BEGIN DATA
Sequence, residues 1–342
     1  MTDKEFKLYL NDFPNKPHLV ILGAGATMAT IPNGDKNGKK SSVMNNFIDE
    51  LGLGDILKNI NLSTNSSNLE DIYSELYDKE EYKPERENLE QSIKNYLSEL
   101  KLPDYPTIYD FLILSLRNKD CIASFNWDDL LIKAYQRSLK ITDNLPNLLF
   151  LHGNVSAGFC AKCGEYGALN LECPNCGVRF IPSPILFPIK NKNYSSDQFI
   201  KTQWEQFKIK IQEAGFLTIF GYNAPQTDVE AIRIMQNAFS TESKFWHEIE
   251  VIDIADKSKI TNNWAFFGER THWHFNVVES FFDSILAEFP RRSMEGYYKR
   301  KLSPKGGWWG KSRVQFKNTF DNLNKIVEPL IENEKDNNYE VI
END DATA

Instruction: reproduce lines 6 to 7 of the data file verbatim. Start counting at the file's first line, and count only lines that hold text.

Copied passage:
   201  KTQWEQFKIK IQEAGFLTIF GYNAPQTDVE AIRIMQNAFS TESKFWHEIE
   251  VIDIADKSKI TNNWAFFGER THWHFNVVES FFDSILAEFP RRSMEGYYKR